Let's take it a step further. As a nation, the U.S. isn't finding any major oil fields onshore; in fact, the last major domestic onshore field was Prudoe Bay in Alaska, which produces 680,000 barrels of oil per day, and its production has been declining. In the aggregate, it is estimated that total Prudoe Bay production, over time, will equal approximately one years consumption. This is why there is so much discussion and controversy over drilling in Anwar, the Alaska National Wildlife Refuge. There is controversy because of its pristine location. There is discussion because of a field that some think could rival Prudoe Bay. Chevron drilled one well there some 30 years ago, and it's the result of that one well (plus other technologically advanced seismic readings) that has its proponents excited about its possibilities. However, even if it were to be developed and become an offset to Prudoe Bay it would still only represent about one year of total U.S. consumption.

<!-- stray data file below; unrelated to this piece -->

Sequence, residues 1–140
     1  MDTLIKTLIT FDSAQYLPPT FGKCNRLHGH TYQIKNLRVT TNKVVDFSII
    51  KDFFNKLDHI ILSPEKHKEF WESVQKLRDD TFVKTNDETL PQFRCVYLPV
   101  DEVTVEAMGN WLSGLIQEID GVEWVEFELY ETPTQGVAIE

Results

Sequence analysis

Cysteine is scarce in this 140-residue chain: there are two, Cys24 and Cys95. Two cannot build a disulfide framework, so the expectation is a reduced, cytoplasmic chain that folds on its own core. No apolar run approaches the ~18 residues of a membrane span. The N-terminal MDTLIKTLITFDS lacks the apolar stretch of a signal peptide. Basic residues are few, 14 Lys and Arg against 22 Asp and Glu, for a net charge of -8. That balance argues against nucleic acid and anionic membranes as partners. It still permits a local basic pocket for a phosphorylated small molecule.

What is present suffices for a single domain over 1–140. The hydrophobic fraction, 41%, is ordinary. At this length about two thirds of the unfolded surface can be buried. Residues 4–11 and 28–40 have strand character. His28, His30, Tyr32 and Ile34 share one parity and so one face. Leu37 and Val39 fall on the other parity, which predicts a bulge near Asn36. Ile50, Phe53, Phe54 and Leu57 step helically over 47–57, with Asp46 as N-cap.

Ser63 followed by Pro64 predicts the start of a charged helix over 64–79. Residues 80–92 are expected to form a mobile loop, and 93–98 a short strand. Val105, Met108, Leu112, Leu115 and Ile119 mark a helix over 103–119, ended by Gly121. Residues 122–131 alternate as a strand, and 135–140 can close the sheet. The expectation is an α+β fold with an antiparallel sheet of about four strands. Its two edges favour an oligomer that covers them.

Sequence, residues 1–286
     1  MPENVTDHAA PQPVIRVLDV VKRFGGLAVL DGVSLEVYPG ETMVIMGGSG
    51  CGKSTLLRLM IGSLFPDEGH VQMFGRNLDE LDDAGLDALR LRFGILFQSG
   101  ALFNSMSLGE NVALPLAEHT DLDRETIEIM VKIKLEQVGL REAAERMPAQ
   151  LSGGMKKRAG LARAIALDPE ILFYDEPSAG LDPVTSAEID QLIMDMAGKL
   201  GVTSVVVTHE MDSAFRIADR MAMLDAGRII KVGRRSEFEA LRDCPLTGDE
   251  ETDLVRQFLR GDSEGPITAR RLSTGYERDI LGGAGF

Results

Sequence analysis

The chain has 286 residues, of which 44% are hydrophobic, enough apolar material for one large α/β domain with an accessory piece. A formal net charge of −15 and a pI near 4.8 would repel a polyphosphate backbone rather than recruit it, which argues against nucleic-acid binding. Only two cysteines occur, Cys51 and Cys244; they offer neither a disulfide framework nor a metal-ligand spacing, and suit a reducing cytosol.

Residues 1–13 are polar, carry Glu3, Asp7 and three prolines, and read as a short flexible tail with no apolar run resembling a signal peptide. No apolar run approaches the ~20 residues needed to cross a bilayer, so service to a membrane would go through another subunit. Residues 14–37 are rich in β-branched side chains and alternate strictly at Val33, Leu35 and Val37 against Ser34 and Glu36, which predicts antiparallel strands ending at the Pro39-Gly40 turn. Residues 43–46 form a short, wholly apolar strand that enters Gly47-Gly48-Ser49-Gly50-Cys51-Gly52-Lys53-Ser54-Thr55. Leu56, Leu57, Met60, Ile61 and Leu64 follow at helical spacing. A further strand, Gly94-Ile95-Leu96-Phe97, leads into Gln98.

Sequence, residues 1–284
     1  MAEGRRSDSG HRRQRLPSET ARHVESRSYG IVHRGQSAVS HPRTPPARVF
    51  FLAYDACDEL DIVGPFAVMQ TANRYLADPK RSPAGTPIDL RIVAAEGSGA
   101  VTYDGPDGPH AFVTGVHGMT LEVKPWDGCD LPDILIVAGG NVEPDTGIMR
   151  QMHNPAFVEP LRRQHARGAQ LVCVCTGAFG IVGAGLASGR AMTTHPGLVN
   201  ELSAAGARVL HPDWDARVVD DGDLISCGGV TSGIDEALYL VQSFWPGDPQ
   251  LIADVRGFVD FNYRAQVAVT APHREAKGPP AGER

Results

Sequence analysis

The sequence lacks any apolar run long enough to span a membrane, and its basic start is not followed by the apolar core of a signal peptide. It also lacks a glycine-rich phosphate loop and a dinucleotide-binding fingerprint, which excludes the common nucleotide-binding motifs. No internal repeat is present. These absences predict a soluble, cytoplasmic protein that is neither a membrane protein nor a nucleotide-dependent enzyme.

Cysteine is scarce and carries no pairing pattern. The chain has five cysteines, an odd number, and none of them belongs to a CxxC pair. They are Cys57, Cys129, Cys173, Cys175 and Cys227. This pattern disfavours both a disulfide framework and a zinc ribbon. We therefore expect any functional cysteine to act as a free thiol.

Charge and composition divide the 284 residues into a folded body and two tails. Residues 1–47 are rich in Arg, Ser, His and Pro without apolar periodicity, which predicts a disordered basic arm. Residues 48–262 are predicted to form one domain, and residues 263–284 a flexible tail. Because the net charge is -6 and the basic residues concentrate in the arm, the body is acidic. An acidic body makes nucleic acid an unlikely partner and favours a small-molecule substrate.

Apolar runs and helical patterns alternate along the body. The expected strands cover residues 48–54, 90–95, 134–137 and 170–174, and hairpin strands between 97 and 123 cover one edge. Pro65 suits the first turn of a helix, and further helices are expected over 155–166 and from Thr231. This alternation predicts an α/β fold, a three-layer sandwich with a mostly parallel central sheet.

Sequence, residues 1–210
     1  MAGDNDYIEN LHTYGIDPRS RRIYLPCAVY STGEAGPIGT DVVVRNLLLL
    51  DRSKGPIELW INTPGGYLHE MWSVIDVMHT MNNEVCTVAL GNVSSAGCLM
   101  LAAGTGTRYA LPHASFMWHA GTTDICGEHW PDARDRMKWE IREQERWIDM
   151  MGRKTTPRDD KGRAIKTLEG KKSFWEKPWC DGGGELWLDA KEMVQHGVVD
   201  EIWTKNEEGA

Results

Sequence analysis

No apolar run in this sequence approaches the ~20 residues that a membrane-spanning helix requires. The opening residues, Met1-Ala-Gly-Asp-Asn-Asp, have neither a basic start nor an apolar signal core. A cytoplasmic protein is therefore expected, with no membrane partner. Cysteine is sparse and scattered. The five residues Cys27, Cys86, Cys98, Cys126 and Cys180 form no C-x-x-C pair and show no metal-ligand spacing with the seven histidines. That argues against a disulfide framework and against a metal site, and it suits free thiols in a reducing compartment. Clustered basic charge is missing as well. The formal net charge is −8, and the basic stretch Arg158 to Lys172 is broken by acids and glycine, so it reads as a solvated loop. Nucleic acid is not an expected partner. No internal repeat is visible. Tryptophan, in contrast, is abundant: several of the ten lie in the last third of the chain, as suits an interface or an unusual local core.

Further, given the fact that the continental U.S. has been pretty well combed over, the big oil companies are going offshore in the hopes of finding larger pools of reserves. The problem here is the cost of finding it. Offshore drill rigs, depending on their structure, can cost several hundred million dollars. These oil rigs are drilling up to hundreds of miles offshore, with pipes extending down several thousand feet, and encountering 50-60 foot waves in the process. So the cost of drilling offshore is significantly greater than onshore, and is reflected in the fact that incremental supplies, which in essence are replacement costs, are coming in at prices two to three times the average carrying costs of reserves held by the major oils.

Chevron just paid close to $50 per barrel for proven (and probable) reserves in their recent acquisition of Unocal. A lot of Unocal's reserves are offshore, and Chevron was criticized for paying too much. Chevron didn't agree, and it appears now that their purchase was very timely. To sum up, what we're seeing is a decreasing supply coming on at a higher cost.